With the support from Taiwan’s Ministry of Culture, the Taiwan Academy in Los Angeles, partnering with the Asian Art Museum of San Francisco, launches “After Hope: Future Forms and Alternative Methods” from November 5 to 6, 2021.
This international interdisciplinary Symposium will invite artists, scholars, and art professionals to participate both physically and online, using the work of artists from across Asia and its diaspora as catalysts for inquiry to explore diverse expressions and legacies of “hope” in contemporary art. Due to the pandemic, Taiwanese artists are unable to participate in the physical symposium. Three artworks, including Isa Ho's Peony, Guang-ming Yuan's Occupation of the 561st Hour and Kuang-Yu Tsui's Stay Calm, have been exhibited in the "After Hope: Videos of Resistance" from March 4, 2021 to May 2, 2022.
Isa Ho's "Peony" juxtaposes two different images of Asian women. One is a Kunqu actress in traditional Chinese costume and the other a Korean K-pop singer. She uses her work to rethink the role and position of women in contemporary society, in relation to the unique development of popular culture. Despite the differences in temporal and spatial backdrops, the performance styles between the two genres did not transform over time. Guang-Ming Yuan's "The 561st Hour of Occupation" films a moment from the 2014 Sunflower Student Movement in Taiwan, during which students occupied Taiwan’s parliament for 585 hours. Yuan uses a slowed-down playback speed of the Taiwanese national anthem by 50% in the empty parliamentary chamber, creating a grandiose soundtrack that turns the space into a churchlike atmosphere, where protest slogans are enshrined and the future political ecology of Taiwan is impacted. In Guang-Yu Tsui's "Stay Calm," he lights a long fuse attached to his body in Chinatown, San Francisco. Amidst the homeless people, tourists, gamblers, and children that flock to this public gathering area, this absurdly dangerous scene of igniting the fuse elicits no reaction from the people around him. In comparison to the energetic words of blessings in the traditional buildings in the square, he feels that any absurdity does not seem to be so strange anymore when these contradictions become part of everyday life.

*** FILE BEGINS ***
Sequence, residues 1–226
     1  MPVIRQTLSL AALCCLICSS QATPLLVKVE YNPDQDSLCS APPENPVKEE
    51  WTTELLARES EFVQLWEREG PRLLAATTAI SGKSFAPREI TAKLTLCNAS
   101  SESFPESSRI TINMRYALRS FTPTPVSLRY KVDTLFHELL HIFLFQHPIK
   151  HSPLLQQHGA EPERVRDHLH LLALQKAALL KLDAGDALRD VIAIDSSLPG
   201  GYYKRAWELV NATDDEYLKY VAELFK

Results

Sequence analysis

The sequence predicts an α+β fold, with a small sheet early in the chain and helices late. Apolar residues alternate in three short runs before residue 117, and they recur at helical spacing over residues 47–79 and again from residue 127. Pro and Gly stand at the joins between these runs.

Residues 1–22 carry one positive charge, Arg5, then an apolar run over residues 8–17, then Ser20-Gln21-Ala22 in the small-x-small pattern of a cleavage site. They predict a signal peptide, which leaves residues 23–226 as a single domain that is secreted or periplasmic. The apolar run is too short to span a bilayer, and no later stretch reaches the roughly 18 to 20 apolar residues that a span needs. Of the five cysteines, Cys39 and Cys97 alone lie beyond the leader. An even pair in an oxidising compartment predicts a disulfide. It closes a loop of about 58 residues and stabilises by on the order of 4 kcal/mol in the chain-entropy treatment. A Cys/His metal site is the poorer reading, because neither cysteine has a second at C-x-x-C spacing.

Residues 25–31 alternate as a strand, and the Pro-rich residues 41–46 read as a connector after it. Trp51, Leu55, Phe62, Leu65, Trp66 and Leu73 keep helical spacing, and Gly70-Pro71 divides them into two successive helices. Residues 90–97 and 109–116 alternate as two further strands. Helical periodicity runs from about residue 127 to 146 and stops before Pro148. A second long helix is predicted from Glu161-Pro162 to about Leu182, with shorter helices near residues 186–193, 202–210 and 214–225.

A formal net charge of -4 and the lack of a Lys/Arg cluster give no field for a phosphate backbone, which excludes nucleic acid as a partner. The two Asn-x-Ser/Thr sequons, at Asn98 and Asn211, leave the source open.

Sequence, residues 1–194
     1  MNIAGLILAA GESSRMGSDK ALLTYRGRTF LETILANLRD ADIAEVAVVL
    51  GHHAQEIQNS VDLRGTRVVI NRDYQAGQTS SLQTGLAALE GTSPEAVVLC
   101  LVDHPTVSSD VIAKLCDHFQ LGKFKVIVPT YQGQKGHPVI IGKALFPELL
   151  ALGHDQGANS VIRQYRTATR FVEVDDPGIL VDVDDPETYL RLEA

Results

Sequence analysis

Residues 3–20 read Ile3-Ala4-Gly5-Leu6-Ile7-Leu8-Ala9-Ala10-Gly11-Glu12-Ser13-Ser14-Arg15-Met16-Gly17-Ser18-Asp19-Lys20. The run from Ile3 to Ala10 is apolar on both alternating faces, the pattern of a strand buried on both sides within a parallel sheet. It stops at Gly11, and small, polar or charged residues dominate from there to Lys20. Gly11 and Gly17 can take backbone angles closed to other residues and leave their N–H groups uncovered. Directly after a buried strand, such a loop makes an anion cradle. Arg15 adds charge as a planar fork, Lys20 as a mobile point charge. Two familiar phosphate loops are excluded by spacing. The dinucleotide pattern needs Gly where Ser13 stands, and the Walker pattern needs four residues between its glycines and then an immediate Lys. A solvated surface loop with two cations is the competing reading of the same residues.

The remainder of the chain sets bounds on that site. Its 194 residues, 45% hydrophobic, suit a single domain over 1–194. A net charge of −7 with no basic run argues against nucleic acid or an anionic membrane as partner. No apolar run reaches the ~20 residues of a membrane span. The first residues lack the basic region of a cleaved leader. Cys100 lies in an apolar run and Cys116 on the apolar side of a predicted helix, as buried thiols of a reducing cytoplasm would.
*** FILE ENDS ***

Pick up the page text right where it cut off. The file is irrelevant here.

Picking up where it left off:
The Asian Art Museum is internationally renowned for its collection of more than 18,000 artifacts spanning 6,000 years of history from 40 Asian countries. In addition to the video exhibition, the museum has organized a symposium and set up the "After Hope" online platform to present highlights of the works on display, as well as audio and video recordings of the symposium and events. For more information, please visit: https://exhibitions.asianart.org/exhibitions/after-hope/ and https://reurl.cc/2ollm4